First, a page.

Referring now to FIG. 4, the sequence of events during a complete transmission cycle will now be described. There is a bus idle condition which is defined to be the state: arbitration=slot="logic l" for two rising edges of the arbitration clock. Any node requiring to send data may begin an arbitration cycle by pulling the arbitration signal low on the following clock cycle. The first time a node needs to transmit data, the node counts slot numbers from the beginning of the arbitration, counting the third clock cycle as slot 0. When the count reaches the physical back plane slot number of the node, the slot line is driven low. The node "wins" the arbitration if in the slot period prior to its slot position a "1" was present in the slot line. The node "loses" the arbitration if there is present a "0" on the slot line at any time during the arbitration phase before its slot position. In this case the arbitration phase terminates since another node will have won. A "node has won" condition is defined to be the state arbitration =slot="logic 0" on the rising edge of the arbitration clock. At this point, every node except the "winner" stops driving the arbitration and slot lines and becomes a receiver. The winner "grounds" the arbitration clock and then switches (enables) the function of the arbitration and slot signals to become data clock and data respectively. At this point the transmission cycle enters the transmission phase. At the end of the transmission phase the winning node releases (stops grounding) the arbitration clock to allow a new arbitration phase to begin. This may result in the first period of the arbitration clock being incomplete as illustrated in FIG. 4. Depending on the duration of this initial pulse and the relative positions of nodes within a shelf, some nodes wishing to transmit may detect this transition whilst others may not. The start of the arbitration phase is therefore delayed for a further period of the arbitration clock to ensure that all nodes wishing to transmit will have detected the bus idle state. If there are two nodes wishing to transmit and node A detects the bus idle state on the first edge of the arbitration clock, whereas node B detects the bus idle state on the following edge (see FIG. 5), according to the nodes referred to above, node A will pull the arbitration signal low on the following [third] clock cycle and will begin counting slot numbers two clock cycles later. On the fourth cycle, node B will pull the arbitration signal low, but since node A has already pulled it low i.e. someone else has started the arbitration phase, node B begins counting slot numbers from the following (fifth) arbitration clock period. Hence the counting of slot numbers for nodes A and B is therefore synchronised to the first node to pull the arbitration signal low.
The signals taking part in the transmission phase are data clock and data signals. Transmission takes place in accordance with HDLC framing rules, hence transmission begins and ends with a sequence of flags. Typically an HDLC frame comprises a start series of 8-bit frame flags, an 8/16 bit address, an 8/16 bit control word, 8×n bits of information to be transmitted, a 16/32 frame check sequence and an 8-bit closing flag. It should be noted that once a node has won control of the serial bus, it originates both the data and clock. Therefore as long as a receiving node can accommodate the small timing skews between the two signals, resulting from a maximum length point-to-point backplane connection, the transmission rate during the transmission phase is only limited by the maximum rate at which the communications controller can operate. The speed of transmission is thus independent of the bus length.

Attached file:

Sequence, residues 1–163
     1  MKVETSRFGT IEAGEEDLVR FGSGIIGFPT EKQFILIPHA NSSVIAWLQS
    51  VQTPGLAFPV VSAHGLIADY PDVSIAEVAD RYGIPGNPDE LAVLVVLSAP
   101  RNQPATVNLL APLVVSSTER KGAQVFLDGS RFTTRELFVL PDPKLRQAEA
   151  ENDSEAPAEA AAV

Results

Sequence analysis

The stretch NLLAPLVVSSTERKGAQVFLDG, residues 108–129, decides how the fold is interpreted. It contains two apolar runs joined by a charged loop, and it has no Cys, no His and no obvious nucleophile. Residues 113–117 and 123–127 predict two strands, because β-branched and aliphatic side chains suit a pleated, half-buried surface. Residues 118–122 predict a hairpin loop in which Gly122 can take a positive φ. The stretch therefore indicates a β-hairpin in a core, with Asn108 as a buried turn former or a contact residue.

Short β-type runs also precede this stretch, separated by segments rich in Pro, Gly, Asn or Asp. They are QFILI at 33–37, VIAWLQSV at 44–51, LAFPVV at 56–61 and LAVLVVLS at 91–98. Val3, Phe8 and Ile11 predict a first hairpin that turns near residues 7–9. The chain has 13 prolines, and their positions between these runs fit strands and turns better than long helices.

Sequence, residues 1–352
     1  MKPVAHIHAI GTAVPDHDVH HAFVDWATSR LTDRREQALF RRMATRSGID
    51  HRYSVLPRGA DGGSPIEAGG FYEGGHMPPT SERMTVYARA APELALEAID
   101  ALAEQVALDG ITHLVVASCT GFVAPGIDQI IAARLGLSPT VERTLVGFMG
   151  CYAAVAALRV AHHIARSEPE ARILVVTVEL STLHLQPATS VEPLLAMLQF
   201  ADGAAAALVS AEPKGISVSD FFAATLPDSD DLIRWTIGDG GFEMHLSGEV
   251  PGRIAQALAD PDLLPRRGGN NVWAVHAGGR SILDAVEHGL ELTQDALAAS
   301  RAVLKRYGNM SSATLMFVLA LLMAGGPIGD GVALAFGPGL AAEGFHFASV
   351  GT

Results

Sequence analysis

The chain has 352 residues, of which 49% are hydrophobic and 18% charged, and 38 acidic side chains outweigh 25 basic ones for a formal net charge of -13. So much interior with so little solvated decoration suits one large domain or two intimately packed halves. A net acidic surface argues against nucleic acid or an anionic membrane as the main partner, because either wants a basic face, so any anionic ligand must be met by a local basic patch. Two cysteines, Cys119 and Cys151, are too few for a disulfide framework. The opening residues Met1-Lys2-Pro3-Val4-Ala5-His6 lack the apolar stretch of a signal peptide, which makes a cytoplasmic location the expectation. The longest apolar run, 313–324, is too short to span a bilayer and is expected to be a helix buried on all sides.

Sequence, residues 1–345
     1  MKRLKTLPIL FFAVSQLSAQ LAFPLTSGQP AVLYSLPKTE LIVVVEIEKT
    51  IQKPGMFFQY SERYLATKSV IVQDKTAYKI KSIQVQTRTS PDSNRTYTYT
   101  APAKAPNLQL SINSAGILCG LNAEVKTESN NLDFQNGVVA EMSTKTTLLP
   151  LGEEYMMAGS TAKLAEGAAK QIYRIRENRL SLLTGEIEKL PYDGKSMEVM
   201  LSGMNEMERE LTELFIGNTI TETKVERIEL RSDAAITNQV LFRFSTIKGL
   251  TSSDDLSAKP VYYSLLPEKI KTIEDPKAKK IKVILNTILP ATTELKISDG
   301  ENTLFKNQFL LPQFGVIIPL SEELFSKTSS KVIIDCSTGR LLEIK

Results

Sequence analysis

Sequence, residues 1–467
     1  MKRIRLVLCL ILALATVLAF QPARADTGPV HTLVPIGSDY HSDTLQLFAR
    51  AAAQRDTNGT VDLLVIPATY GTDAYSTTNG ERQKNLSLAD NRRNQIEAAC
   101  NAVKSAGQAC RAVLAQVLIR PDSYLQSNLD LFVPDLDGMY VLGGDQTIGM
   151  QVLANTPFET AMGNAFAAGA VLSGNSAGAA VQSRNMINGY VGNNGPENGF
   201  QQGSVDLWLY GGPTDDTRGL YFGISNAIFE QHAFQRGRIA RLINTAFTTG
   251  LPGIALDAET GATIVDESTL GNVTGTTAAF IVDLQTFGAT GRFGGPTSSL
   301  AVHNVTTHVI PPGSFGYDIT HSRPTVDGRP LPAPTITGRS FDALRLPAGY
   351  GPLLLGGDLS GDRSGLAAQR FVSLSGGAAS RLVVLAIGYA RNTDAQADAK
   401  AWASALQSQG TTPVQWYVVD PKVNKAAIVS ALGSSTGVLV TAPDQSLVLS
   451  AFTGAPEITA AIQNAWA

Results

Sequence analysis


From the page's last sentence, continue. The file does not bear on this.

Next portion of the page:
Since two of the signals featured in the proposed MMSB system protocol operate dual functions, it is imperative that data integrity is maintained in the changeover period between the transmission phase and the arbitration phase. A "clean" transition is achieved with the sequence of events illustrated in FIG. 6. The end of a transmission is detected by the removal of a request to send signal from the communications controller. After a further eight data clock cycles, during which the closing flag is transmitted, the clear to send signal is de-activated by the communications controller. Finally, after a further eight clock cycles, the driver which grounds the arbitration clock is switched off, thereby enabling the arbitration clock (on the back plane) and allowing a new arbitration phase to follow.
In order to ensure equal access to all nodes wishing to transmit, a "fairness" scheme based on the slot positions of each node is employed. If a node wins the arbitration phase, it adds 32 to its slot position, so that in the next arbitration phase the node will have the same relative slot position but in the second group of 32 slots (see FIG. 3). This may be considered as analogous to having a league table with two divisions. A node always keeps its relative position within a division, but if it wins an arbitration phase it is subsequently relegated to the same position in the second division. This rule still applies if a node wins from the second group of slots, i.e. if a node wins the arbitration phase in the second division it will remain in the second division. If, however, a node begins an arbitration phase in the second group and the first 32 slot periods of an arbitration phase pass without a winner, then at the end of the first 32 slot periods, the node subtracts 32 from its slot position and returns to the first group.
There now follows a discussion in greater detail of the "fairness" scheme with reference to a number of typical arbitration scenarios, which clarify the operation of the fairness scheme. In all cases it is assumed that an arbitrary node, called "node A' is wishing to transmit and its physical slot position in the back plane is equal to "28".